Push for Offshore Drilling Revives ControversyBy Rhonda Miller | Published 20 Dec 2011 07:12pm |
Governor Haley Barbour’s renewed push for oil and gas drilling off the Mississippi coast guarantees heated debate for the last days of his term. MPB’s Rhonda Miller reports on the controversy.
Governor Haley Barbour says legislation already in place allows limited drilling right up to the shore along the Alabama line, where the natural gas may actually be under Mississippi land and water.
"For us in Mississippi, that is very unpopulated, non-developed savannahs and marshes in the very southeast corner of Jackson County," says the Governor.
Barbour says the remainder of the proposed drilling would be about 10 miles away from the mainland and at least one mile from Mississippi’s barrier islands.
He says a strip a mile or two wide could be leased for drilling.
"When you get south of that strip, 12 miles offshore, that becomes federal waters and people can drill there now," Barbour says. "If they drill there now and make a well, we get 35 percent of the royalty. If they drill in state waters, we get 100 percent of the royalty."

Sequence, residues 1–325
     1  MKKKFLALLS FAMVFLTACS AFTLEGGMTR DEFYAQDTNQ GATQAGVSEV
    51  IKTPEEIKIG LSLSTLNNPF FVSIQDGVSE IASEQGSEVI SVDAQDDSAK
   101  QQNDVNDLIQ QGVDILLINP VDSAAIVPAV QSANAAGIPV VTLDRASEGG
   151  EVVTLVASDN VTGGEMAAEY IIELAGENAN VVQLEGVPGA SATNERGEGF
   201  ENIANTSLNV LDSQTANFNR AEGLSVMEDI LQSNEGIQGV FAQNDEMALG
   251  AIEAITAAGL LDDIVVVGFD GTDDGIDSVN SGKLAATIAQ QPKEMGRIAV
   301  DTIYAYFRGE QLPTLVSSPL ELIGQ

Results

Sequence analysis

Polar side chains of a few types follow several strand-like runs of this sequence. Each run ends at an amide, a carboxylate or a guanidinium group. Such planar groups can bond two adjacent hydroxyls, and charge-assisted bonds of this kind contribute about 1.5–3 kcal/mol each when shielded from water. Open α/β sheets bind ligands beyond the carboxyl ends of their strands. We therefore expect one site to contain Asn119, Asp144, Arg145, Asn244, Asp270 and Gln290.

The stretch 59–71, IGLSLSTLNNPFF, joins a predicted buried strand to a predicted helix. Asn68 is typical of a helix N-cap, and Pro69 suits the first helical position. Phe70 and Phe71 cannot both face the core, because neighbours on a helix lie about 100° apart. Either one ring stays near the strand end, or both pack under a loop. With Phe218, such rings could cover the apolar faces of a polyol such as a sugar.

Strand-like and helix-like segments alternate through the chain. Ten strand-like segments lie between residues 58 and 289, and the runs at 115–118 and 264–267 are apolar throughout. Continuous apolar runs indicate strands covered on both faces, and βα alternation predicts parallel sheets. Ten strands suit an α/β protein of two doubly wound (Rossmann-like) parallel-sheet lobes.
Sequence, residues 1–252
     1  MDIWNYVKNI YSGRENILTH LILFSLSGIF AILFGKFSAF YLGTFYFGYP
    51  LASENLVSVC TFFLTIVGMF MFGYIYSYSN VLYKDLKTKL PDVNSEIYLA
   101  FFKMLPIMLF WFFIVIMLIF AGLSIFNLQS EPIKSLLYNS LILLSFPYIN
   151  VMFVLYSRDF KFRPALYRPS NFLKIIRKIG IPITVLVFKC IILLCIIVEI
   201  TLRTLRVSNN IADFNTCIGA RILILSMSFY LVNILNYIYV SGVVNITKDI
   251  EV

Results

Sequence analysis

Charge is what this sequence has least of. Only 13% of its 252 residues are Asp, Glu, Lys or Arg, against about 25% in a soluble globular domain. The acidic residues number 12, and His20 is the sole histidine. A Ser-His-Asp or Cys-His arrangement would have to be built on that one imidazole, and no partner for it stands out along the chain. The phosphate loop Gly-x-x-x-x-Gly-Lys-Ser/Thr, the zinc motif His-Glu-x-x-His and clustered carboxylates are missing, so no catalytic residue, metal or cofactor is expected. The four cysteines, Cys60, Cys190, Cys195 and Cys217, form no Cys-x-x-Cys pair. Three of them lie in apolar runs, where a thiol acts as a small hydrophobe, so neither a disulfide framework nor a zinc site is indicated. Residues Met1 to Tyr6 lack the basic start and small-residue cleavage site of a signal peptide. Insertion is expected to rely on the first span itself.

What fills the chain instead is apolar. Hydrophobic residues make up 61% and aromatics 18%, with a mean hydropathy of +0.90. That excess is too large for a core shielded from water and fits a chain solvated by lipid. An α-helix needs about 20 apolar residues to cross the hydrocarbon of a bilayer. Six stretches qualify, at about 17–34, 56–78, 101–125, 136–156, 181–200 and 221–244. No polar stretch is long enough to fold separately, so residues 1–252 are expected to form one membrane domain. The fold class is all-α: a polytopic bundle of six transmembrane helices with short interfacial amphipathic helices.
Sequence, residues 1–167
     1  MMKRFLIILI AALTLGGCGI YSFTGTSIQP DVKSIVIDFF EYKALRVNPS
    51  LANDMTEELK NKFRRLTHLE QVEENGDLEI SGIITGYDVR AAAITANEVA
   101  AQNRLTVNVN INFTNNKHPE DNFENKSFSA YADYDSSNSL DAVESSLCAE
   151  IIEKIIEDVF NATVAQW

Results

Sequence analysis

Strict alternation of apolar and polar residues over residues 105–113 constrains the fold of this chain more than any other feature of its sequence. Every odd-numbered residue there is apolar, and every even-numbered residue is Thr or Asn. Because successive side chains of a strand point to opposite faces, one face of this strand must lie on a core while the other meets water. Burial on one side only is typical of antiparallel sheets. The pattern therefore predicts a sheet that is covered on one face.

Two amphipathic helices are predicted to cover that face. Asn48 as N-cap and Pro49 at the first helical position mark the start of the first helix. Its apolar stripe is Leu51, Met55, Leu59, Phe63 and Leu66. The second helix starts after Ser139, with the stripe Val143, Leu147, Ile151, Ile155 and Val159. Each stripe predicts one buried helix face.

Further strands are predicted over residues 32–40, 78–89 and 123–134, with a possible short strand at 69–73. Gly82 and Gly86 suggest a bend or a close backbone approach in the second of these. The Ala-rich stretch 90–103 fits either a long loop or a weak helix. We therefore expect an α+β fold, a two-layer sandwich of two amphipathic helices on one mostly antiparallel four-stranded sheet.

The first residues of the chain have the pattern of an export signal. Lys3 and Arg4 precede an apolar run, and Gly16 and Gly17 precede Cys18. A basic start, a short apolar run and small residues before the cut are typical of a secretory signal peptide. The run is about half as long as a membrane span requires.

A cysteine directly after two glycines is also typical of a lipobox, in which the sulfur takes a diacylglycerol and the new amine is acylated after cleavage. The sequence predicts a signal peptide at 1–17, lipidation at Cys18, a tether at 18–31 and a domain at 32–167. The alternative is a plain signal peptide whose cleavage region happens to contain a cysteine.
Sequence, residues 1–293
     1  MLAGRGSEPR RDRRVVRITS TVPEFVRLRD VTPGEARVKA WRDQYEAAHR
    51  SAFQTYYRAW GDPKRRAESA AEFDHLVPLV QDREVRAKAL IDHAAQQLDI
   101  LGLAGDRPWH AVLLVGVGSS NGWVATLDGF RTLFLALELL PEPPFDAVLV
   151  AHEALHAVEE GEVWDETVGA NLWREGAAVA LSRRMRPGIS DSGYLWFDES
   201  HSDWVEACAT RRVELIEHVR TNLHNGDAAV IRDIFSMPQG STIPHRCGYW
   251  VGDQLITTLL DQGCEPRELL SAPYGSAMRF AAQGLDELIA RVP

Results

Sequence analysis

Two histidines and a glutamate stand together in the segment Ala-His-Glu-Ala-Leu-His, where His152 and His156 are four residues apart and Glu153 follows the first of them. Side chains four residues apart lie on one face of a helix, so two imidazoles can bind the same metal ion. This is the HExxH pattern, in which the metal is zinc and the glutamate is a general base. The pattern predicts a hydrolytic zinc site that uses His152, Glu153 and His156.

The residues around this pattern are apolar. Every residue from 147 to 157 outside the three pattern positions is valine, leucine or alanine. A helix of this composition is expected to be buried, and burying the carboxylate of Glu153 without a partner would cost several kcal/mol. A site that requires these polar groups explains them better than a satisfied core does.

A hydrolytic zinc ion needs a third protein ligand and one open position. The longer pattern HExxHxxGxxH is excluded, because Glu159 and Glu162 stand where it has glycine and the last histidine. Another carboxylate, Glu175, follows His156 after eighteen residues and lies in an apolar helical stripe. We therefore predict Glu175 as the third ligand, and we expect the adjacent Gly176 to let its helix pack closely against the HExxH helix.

There are already stirrings of the revival of the 12 Miles South Coalition of environmental and business leaders. The group opposed drilling within 12 miles of the barrier islands several years ago. The Gulf Islands Conservancy is part of that coalition and its president, Terese Collins, says there has to be a balance between economic development and environmental protection.
"Our tourism economy cannot sustain another disaster,'" says Collins. "The resources are recovering - the fisheries, the shrimp, the oysters, the crabs, our dolphins. We’re not recovered from the last major, largest oil and gas disaster in our country, and now we’re proposing this new development in Mississippi waters. I don’t think we have the capacity to handle this."
But Steve Bosarge disagrees. He’s a commercial fisherman and member of the state Commission on Marine Resources.
"I feel confident there will be no harm to the environment," says Bosarge. "I feel like for the good of the country, this is something that needs to be done. If there are resources there, they need to be tapped."
The Mississippi Development Authority has drafted rules for offshore oil and gas drilling in state waters and is accepting public comment through January 20th.
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